Think City Upon a Hill ideals and The Scarlet Letter-style misogyny and you’ll have a pretty good idea of this sly debut novel, which scarily hints that, since the 19th century, perhaps not a whole lot has changed ... There’s plenty to mull over between the puzzling fowl, the classroom dynamics and our complicated protagonist’s eerie ability to better intuit how to police her young female charges than Samuel can. Best of all is Beams’s tone: ironic and arch when relaying the spirited optimism of Samuel’s precious experiments, urgent and sinister when depicting their nightmarish outcomes. Astoundingly original, this impressive debut belongs on the shelf with your Margaret Atwood and Octavia Butler collections.
The Illness Lesson...is an astonishing book. Its opening paragraph establishes tone, and that tone is notable: a mix of closely observed physical gesture and spiritual abstraction ... The novel’s plot is slowly paced but with a gathering horror and in the Gothic mode ... There’s enough suspense and mystery engendered—What to make of those beautiful and vengeful birds?—so the plot-twist of the ending should be kept a surprise. Suffice it to say that Beams shows a kind of mastery in yoking the natural to the surreal and linking grief and fear to rage.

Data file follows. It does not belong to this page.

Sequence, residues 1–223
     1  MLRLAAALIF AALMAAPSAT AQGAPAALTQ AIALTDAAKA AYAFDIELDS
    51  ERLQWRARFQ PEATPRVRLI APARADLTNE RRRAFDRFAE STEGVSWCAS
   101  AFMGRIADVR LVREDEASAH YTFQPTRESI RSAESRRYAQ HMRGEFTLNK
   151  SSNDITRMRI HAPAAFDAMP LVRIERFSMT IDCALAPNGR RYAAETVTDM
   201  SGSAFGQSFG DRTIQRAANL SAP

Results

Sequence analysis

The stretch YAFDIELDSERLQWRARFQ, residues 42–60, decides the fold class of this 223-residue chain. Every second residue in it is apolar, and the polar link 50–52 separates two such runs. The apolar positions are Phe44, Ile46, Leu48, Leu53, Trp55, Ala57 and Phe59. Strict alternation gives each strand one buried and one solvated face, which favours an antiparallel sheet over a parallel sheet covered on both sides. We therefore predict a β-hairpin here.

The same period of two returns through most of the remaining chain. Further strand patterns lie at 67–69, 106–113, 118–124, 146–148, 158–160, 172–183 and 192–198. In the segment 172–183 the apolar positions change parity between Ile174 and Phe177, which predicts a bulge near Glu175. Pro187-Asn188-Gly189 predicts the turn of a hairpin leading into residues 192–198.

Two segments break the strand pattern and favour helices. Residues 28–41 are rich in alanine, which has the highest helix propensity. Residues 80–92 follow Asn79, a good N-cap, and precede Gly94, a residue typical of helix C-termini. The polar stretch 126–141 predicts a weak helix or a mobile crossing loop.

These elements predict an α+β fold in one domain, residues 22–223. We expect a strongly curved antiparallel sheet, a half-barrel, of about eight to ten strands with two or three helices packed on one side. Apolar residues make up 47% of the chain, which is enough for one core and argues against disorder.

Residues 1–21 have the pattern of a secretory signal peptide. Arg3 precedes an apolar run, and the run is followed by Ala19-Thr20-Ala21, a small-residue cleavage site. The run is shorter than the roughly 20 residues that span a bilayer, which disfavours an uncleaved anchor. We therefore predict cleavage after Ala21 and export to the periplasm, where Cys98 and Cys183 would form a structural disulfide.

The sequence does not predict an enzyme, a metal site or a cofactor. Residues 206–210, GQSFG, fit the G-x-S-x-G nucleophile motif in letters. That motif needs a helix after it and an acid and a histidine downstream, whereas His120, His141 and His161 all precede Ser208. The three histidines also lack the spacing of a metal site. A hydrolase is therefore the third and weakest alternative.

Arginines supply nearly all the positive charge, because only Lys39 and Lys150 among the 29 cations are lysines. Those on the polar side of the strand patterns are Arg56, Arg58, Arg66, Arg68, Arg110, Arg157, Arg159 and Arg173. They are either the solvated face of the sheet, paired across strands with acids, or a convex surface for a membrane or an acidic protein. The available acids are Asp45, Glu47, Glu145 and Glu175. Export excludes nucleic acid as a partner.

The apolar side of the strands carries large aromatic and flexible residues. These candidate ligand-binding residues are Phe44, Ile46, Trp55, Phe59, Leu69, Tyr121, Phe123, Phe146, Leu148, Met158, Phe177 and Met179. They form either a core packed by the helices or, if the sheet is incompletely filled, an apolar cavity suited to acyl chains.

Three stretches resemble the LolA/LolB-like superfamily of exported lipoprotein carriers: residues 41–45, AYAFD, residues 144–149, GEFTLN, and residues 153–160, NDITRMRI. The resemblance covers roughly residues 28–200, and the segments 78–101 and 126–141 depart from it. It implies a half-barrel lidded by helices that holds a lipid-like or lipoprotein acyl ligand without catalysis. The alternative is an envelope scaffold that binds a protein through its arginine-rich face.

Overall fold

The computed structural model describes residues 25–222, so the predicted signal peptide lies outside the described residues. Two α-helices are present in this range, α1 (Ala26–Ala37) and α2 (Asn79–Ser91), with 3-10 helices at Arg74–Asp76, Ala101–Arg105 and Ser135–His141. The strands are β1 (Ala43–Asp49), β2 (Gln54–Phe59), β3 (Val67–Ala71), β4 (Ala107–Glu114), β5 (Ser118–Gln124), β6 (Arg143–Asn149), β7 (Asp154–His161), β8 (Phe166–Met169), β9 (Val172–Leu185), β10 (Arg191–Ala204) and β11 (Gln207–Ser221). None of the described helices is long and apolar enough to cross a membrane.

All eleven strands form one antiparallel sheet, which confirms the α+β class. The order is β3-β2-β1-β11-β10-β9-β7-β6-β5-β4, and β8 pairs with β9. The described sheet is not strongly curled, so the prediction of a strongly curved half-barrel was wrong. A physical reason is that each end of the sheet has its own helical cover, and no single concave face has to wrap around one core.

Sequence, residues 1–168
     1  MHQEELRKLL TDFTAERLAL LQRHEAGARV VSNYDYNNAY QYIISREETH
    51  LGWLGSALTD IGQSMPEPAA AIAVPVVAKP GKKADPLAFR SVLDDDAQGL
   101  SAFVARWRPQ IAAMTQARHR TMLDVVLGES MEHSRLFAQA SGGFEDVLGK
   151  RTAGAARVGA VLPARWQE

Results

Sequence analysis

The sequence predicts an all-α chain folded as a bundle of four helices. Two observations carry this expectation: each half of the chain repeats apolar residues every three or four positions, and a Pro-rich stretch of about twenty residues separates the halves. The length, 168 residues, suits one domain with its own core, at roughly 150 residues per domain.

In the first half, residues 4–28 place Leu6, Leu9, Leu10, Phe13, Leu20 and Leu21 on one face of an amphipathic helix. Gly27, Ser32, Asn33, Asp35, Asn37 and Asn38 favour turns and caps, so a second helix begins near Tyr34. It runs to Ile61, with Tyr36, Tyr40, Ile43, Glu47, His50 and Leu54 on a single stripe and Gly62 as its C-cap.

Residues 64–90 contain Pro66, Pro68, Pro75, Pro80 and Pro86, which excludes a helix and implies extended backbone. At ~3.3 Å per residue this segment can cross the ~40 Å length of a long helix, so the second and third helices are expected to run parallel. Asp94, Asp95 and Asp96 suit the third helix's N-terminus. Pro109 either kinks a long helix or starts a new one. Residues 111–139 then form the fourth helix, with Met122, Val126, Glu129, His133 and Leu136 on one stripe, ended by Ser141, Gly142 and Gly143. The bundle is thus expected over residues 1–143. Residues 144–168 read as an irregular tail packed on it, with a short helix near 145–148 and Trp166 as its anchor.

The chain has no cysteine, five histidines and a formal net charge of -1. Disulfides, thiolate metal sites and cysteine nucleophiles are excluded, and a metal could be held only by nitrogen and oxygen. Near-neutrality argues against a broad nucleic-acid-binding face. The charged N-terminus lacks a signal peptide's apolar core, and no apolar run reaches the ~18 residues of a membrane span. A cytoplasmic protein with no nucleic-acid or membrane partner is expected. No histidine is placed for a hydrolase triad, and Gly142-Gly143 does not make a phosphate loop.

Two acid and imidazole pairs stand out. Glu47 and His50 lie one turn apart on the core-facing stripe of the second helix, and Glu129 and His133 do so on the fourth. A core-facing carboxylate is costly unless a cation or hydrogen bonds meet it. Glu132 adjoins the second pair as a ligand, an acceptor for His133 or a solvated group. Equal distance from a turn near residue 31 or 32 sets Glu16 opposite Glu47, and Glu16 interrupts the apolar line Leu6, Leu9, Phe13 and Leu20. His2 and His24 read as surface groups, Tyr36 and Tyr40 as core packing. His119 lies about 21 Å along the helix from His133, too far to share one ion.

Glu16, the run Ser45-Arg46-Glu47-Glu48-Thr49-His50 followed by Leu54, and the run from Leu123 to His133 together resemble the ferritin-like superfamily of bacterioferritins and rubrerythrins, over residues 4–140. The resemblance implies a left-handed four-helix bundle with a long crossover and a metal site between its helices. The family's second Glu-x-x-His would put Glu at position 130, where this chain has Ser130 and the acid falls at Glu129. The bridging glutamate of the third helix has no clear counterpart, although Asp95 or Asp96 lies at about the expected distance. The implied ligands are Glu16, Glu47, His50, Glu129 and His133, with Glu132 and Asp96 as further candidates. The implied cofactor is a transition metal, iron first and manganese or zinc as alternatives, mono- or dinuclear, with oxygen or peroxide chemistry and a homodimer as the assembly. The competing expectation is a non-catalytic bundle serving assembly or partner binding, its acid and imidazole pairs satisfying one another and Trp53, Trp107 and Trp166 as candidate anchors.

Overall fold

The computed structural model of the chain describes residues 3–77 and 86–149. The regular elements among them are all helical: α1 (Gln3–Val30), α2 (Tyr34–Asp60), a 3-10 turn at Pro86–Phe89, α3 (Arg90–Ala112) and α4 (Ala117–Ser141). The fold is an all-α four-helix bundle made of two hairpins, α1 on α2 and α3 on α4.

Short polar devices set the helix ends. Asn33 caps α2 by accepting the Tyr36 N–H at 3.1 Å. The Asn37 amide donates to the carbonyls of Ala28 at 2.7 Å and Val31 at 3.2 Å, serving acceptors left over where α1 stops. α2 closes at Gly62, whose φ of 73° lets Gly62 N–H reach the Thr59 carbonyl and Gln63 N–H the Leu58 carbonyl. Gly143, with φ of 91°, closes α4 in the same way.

The Illness Lesson takes the theme of transformation to new heights by combining historical fact with deeply engaging character study. The result is haunting in its loveliness and empowering in its call for the liberation of women’s minds and bodies ... The Illness Lesson combines the feminine camaraderie found in Louisa May Alcott’s Little Women with the simmering anger of Charlotte Perkins Gilman’s proto-feminist short story 'The Yellow Wallpaper,' and the result is both savagely acute in its portrayal of misogyny and tenderly hopeful in its trajectory. Ms. Beams writes beautifully as well as passionately, which will leave readers moved—if not a little anxious to see what such a promising author does next.